It’s a pioneering scheme which has seen dog poo sprayed pink but it has left some residents in Horncastle seeing red.
East Lindsey District Council launched the ‘Spray It Pink’ campaign last month in an attempt to crack down on the problem of dog fouling.
It followed complaints from town councillors and residents about the amount of dog mess.
Just days after the launch, town councillors expressed concerns that the spray was dangerous - a claim robustly denied by ELDC .
Now, ELDC says the scheme has been a success and has revealed several other towns in East Lindsey want to follow Horncastle’s lead.
However, residents have a mixed reaction.
The News has received more than 40 calls and emails, with a 50-50 split on whether the project has been worth it.
C laire Madden said ELDC would be better spending money on catching owners who don’t clean up after their pets.
She said: “The authorities must know who is responsible.
“Why aren’t these owners taken to court. This is just a gimmick - and a waste of our money.”
Ron Taylor said he did not think spraying piles pink would deter offenders.
He added: “I clean up after my own dog but I stand and watch others who just allow their dogs to perform anywhere.
“They’re not going to stop just because someone might come along and spray it pink. It’s stupid.
“If you say anything to them, you just get abuse.”
Shop worker Alison Bennett said she thought the piles of pink poo actually made the town look worse.
She said: “I suppose it’s easier not to walk in it because you can see it, but how can they say it’s made the town better.”
John Carrington said he welcomed any ideas to ease the problem.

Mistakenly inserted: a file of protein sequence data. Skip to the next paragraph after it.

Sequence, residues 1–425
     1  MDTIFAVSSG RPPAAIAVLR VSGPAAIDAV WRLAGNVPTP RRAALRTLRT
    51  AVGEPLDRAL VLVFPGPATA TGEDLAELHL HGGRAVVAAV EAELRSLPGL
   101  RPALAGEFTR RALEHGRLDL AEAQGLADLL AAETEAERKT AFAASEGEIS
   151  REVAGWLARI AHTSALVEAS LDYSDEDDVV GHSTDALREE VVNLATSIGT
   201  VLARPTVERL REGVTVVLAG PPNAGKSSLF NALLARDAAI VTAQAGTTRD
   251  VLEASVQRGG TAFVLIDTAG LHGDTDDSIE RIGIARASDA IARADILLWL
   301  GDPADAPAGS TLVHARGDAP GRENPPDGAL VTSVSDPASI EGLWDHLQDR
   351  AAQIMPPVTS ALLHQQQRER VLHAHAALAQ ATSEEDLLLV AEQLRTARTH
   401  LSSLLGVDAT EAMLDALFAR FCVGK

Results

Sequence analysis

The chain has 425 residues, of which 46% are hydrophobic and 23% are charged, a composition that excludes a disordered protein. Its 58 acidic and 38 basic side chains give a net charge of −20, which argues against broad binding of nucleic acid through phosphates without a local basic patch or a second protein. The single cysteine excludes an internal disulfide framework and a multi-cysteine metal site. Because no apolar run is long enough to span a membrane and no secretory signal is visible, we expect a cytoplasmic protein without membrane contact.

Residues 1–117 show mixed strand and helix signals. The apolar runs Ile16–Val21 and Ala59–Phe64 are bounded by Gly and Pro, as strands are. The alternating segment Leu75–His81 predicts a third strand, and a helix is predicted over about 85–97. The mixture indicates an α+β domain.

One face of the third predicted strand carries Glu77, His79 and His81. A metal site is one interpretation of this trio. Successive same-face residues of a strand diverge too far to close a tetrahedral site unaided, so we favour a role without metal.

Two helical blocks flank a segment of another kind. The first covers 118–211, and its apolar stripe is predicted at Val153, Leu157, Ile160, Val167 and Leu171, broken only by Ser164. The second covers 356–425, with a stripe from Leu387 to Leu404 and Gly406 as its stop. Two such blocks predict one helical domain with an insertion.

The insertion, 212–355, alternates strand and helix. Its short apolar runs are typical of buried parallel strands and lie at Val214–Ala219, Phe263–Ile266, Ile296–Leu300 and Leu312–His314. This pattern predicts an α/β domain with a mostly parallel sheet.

He said: “It is a big issue in Horncastle. I don’t know why - perhaps we’ve just got more lazy dog owners.
“The council should be congratulated. At least, they are trying to do something positive.
“They can’t win. If they sit back and do nothing, people will complain.”
Cyclist Mark Jowelski welcomed the initiative and said it had made an impact.
He added: “I ride down the Spa Trail most days and it’s very rare you don’t go straight through a pile of dog mess.
“It can splash all over. It’s disgusting.
“There’s definitely been less mess about.
“I don’t know if it’s the fact the Horncastle News has highlighted the problem, or fewer people are walking their dogs at this time of year.”
Colin Norman was one of many who called for stronger penalties for offenders.
He claimed the level of fines was not enough to justify costly prosecutions.
He said: “If people know they can get away with it, they will.
“You are fined hundreds of pounds for not having a TV licence. Why should dog owners be different?”
“We need bigger fines - and more wardens.”
ELDC spokesman James Gilbert said feedback indicated the scheme had been a success.
He revealed more people had come forward to report dog mess but said the council needed the names of owners to take matters further.
He stressed that the month-long scheme would continue and ELDC’s dog warden - together with police officers - would continue regular patrols, focussing on problem areas.
Mr Gilbert confirmed other towns had approached East Lindsey with a view to using the pink spray.
Town-based PCSO Nigel Wass said he thought the scheme had been successful and there had been fewer complaints and incidents ab out dog mess,
○Dog fouling in a public place is an offence
If owners do not clear up after their dog has fouled in public areas, ELDC can issue a fixed penalty notice.
The current level of fine is £75.00.
Anyone issued with a fixed penalty notice must pay the amount due within 14 days. If the notice is not paid, the matter will be referred to ELDC’s solicitor.
○If you can help identify anyone who allows their dog to foul in public areas, contact ELDC on 01507 601111.